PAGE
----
Yes, he can and yes, he should. There is no doubt in my mind that people go to Wall Street for the money. They learn the rules of the game and they play hard to get the most money in the shortest time. As Wall Street pay has grown -- the average Wall Street bonus climbed 19-fold from about $10,000 in 1985 to almost $190,000 in 2007 -- more and more of the most talented people in the world have flocked there, and away from other parts of the work world.
But the opportunity cost of taking talent from building more energy efficient vehicles or finding a cure for cancer and putting it in a hedge fund is not the biggest problem with Wall Street pay. It's that Wall Street's pay plan leads bankers to make the biggest bets in the shortest period of time so they can win the lion's share of the bonus pool. When those big deals went bad, Wall Street's bankers got to keep their money and stick the cost on taxpayers.
To avoid a repeat, President Obama is wisely thinking about changing the rules on Wall Street pay. He wants all financial institutions (FIs) -- including banks, hedge funds, and private equity firms -- to follow formal pay guidelines. While the details of these guidelines are not yet out, the most interesting part of them is that these guidelines would apply equally across Wall Street, whether a bank had taken TARP money or not. This is 100 percent guaranteed to yield shrieks of outrage from the hedge funds of Stamford to the trading floors on Broad Street.
What guidelines should Obama require FIs to follow? As I have posted over the last several years, I think Obama should require FIs to put bankers' pay in an escrow account. If after, say, three to five years, the deals that each banker originated have held up well, then the money in the escrow account can flow into the banker's hands. If those deals lose money, the escrow account goes to compensate the investors for their losses.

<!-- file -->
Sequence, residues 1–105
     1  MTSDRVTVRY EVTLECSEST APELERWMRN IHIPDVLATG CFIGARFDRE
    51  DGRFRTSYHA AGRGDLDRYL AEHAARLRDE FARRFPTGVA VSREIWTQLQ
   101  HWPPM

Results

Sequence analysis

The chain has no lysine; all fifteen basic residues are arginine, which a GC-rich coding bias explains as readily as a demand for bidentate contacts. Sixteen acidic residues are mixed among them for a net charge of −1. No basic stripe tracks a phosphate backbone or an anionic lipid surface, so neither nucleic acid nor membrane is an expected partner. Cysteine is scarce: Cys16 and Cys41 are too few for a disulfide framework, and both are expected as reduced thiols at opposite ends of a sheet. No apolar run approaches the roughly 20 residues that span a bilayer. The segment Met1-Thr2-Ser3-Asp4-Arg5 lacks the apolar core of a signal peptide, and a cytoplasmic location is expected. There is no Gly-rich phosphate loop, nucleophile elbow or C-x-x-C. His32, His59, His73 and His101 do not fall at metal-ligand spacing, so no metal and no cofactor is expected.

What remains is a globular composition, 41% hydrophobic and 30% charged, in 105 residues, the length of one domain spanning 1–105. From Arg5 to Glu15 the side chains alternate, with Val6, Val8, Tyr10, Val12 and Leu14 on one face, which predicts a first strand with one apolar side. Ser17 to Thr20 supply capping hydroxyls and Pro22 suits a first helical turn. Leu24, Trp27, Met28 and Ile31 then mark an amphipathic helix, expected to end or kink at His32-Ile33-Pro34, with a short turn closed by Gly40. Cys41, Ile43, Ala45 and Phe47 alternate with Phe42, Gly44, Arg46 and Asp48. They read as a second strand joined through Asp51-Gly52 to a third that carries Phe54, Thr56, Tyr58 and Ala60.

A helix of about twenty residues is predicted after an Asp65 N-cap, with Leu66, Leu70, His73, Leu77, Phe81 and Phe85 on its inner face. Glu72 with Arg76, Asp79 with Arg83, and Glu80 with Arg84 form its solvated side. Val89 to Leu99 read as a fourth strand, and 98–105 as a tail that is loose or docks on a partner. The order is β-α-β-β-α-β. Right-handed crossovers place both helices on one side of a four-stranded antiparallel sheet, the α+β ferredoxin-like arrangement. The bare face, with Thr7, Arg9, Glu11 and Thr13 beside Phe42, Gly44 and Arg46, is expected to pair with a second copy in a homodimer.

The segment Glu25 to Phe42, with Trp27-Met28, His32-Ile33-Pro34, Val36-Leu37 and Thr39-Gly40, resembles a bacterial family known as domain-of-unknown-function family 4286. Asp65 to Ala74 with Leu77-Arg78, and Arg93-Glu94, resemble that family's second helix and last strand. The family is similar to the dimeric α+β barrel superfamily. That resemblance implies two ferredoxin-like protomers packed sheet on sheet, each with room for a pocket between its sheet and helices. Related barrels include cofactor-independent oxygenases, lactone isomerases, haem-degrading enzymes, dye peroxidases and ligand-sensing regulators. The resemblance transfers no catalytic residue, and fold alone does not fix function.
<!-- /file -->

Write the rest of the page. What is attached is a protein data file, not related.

Why is this escrow account a better idea? Because Wall Street people will do what they need to do to get paid the most money. If their own compensation is tied to both the return and the risk of the deals that they bring in, then they will be much more careful to consider the risk side of the equation. And instead of getting $18.4 billion in bonuses in 2008 -- year when the FIs brought the global financial system to its knees -- bankers would have been watching those escrow accounts flowing to investors instead.
This will probably mean that Wall Street does fewer deals. And that would mean that Wall Street would pay less and attract fewer people. It would also mean that if bankers brought in bad deals, they would pay the price -- rather than being able to shift the losses onto taxpayers.
That sounds like a free market to me.
Peter Cohan is president of Peter S. Cohan & Associates. He also teaches management at Babson College. His eighth book is You Can't Order Change: Lessons from Jim McNerney's Turnaround at Boeing.